In this first videos, Julian introduces us to some of the basic things to look for when orchid hunting, and I felt he really captured what it is like to look for orchids, and how they can blend into the bush.

Orchid Hunter Australia 2

This is probably my favourite of the two, as looking for orchids turns into a military expedition.  It really feels like that sometimes!  It was also good to find information about other plants and animals in the video, as they all influence the whole ecosystem.

Corysanthes diemenica

This is a short film  by Richard Davion which captures some of the joy of finding orchids.

What I enjoy about seeing films of orchids is that it captures the three diemnsional feel of the flowers, which is lacking in orchid photography.  Later on I would like to spent time producing my own videos with narration, and helping in identifying orchids.  But in the meantime I will enjoy what others are producing.  It is about making other aware that these tiny terrestrial orchids are there, and need to be protected.

For other orchid videos please visit the video page, or my YouTube channel.  Please help me share these videos.

Our orchid photographs

I took my first photographs of native orchids in February 2005 at a monthly general meeting of the Native Orchid Society of South Australia (NOSSA).  Orchid growers bring their flowering plants to the monthly meetings to show them and to compete for the best orchids.

2005 Feb 017

This is one of my first photographs of an orchid taken with
a digital camera without a flash in February 2005.  This is a Sarcochilus hybrid.

My aim at the start was quite simple.  I just wanted to get to know the names of the orchids, because I did not know any of them at all.  Three of my photographs from the February meeting turned up in the electronic version of the March NOSSA Journal, including the one above.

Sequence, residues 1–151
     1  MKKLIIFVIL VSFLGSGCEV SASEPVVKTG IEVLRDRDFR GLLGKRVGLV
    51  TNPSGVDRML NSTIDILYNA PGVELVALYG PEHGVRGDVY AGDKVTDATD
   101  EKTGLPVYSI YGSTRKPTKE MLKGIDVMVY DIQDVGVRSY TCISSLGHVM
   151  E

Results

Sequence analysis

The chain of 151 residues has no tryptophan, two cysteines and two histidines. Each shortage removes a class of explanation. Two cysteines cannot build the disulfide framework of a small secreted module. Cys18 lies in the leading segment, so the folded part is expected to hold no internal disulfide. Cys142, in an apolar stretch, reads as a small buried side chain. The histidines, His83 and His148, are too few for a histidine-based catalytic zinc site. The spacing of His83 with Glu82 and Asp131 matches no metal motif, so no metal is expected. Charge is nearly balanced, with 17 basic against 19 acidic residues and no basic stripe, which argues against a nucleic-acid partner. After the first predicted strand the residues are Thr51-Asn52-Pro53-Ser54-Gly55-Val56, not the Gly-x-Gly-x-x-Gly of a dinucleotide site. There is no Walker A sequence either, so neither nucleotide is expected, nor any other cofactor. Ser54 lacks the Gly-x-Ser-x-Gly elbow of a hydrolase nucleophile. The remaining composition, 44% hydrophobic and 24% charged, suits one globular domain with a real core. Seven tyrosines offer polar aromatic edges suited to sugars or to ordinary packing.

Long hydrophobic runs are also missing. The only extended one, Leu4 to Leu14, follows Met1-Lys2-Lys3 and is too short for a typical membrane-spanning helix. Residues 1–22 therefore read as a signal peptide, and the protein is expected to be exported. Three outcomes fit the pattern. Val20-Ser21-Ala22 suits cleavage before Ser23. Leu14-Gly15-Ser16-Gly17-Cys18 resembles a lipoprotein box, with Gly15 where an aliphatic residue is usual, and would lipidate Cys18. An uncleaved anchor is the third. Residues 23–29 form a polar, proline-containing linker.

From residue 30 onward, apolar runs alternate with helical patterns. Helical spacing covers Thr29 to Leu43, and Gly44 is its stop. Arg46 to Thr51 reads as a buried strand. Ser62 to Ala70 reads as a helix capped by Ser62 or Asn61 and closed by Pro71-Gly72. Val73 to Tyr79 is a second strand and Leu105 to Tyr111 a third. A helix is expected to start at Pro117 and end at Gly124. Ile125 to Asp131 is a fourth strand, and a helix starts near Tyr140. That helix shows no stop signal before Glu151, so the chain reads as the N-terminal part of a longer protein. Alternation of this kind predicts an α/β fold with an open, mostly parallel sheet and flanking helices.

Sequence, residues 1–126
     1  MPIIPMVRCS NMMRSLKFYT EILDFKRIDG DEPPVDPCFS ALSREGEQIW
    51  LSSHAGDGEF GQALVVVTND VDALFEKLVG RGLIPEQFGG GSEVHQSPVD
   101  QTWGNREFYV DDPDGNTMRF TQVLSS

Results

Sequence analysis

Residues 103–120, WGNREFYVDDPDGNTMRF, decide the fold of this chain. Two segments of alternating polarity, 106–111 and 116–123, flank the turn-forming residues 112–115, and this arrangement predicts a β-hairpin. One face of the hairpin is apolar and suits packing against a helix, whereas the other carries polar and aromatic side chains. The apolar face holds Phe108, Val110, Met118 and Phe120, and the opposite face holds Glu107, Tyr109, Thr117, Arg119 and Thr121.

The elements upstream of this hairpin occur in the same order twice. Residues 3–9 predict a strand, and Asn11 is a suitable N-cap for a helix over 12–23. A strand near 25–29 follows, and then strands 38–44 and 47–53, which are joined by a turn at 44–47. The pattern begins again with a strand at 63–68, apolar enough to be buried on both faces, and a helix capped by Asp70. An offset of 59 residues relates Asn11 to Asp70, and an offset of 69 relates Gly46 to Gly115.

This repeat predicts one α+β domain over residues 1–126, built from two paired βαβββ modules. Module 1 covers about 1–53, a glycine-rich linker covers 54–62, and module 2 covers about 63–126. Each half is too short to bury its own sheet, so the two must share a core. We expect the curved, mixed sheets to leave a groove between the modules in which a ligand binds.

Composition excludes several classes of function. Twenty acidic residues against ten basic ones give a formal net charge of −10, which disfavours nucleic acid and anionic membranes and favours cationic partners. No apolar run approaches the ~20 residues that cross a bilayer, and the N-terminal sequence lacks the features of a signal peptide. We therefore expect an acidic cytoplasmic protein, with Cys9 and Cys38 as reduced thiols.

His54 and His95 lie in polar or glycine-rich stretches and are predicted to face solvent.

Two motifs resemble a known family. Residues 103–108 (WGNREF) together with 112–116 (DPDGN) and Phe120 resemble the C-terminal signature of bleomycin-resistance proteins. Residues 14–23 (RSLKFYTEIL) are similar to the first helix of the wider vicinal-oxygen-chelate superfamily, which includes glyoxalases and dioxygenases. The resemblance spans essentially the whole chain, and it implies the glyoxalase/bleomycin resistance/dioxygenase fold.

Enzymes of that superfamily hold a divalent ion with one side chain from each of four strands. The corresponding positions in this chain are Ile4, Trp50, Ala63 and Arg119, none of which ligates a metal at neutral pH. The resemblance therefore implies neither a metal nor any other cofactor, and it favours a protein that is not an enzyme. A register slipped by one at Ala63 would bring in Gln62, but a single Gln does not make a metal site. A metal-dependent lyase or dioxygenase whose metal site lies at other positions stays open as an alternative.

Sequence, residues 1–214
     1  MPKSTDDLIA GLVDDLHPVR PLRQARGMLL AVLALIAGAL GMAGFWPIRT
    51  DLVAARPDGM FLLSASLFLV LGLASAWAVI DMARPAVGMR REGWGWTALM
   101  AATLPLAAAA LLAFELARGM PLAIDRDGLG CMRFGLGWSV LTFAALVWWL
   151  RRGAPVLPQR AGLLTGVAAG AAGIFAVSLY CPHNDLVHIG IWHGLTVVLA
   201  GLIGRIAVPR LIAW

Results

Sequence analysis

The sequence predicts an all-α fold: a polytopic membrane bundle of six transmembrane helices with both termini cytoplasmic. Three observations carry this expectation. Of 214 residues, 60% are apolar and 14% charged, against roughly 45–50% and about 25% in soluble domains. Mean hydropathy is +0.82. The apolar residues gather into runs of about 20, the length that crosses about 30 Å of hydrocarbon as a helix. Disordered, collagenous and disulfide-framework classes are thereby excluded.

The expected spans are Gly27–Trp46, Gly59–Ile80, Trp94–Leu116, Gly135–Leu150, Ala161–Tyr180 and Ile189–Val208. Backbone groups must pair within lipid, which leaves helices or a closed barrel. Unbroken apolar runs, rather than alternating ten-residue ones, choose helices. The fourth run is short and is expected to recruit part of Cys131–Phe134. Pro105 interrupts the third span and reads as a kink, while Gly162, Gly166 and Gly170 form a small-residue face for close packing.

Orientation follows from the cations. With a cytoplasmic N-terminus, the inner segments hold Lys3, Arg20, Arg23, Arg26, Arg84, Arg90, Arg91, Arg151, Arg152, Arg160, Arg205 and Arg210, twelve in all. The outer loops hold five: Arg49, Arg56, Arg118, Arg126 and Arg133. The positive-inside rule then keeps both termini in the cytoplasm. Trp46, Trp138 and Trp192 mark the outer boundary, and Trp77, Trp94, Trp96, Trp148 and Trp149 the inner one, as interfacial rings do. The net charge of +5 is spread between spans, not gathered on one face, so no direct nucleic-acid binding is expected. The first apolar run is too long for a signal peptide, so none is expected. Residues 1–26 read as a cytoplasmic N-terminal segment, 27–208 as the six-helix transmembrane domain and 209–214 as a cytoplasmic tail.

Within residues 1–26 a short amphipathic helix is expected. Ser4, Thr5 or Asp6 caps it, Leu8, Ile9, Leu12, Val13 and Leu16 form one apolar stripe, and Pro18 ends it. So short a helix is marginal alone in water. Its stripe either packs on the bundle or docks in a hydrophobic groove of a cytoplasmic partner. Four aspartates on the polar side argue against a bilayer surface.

In the March 2006 issue of the Journal, because there were few plants at the meeting to photograph, the Editor compiled a page of photographs of orchid leaves which I had taken on a field trip to Scott Conservation Park the previous winter.  Some of these same photographs appear in my book, Start with the Leaves, including the two of the photographs on the front cover.  One couple told me that they took this page with them into the field to identify orchids before they flowered.

Leporella fimbriata 005

This beautiful, newly emerged leaf of Leporella fimbriata is one of my first orchid
photographs taken in the field.  It features prominently on the cover of my book.

My reasons, then, for photographing orchids were so that I could get to know them, and to share them with others.

Incidentally, some of the flowers are strikingly beautiful.  When my children were helping me prepare the book, they were not happy with pictures that just showed the features relevant for identification; they wanted each photograph to be attractive and balanced.

We went on NOSSA field trips to learn about orchids and photographed them to help with this.  We went with our compact cameras while the photographic enthusiasts took their SLR cameras and their tripods.  We found the digital cameras to be adequate for our purposes and all of the pictures on this blog have been taken with either a compact digital camera or a smart phone.

In May 2011 NOSSA began having a photographic competition to give members the opportunity to share their best photographs.  I entered my favourite photograph of Diuris orientis, which I regard as the most photogenic of our orchids because of its size and depth of rich colours.  This photograph was included in the header in an earlier version of the banner for the Trees For Life website.  This was the first photograph to win this competition.

Diuris orientis 026

Diuris orientis photographed in full sunlight on 4 October 2005.
Notice the splendid rich colours.

We have seen a wonderful selection of photographs from members of NOSSA at the general meetings since this first competition.  The only prize is to have the photograph displayed for a month on the NOSSA website.  Unlike most of the followers here who share their photographs on the net, most of the participants have not shown their pictures before.  This event has been about sharing photographs rather than winning prizes.